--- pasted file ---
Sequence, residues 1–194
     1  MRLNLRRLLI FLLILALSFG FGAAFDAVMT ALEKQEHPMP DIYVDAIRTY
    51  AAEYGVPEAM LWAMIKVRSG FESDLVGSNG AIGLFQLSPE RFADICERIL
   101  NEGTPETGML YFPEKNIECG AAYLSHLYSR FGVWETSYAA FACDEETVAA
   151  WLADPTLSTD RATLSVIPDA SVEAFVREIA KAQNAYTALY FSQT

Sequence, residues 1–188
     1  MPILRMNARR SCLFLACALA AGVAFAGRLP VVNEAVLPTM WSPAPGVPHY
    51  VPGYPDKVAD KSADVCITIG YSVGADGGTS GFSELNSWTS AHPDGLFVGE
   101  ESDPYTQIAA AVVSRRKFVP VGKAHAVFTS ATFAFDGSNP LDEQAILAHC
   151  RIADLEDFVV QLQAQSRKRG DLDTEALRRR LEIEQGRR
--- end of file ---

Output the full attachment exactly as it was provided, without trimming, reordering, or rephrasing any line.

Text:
Sequence, residues 1–194
     1  MRLNLRRLLI FLLILALSFG FGAAFDAVMT ALEKQEHPMP DIYVDAIRTY
    51  AAEYGVPEAM LWAMIKVRSG FESDLVGSNG AIGLFQLSPE RFADICERIL
   101  NEGTPETGML YFPEKNIECG AAYLSHLYSR FGVWETSYAA FACDEETVAA
   151  WLADPTLSTD RATLSVIPDA SVEAFVREIA KAQNAYTALY FSQT

Sequence, residues 1–188
     1  MPILRMNARR SCLFLACALA AGVAFAGRLP VVNEAVLPTM WSPAPGVPHY
    51  VPGYPDKVAD KSADVCITIG YSVGADGGTS GFSELNSWTS AHPDGLFVGE
   101  ESDPYTQIAA AVVSRRKFVP VGKAHAVFTS ATFAFDGSNP LDEQAILAHC
   151  RIADLEDFVV QLQAQSRKRG DLDTEALRRR LEIEQGRR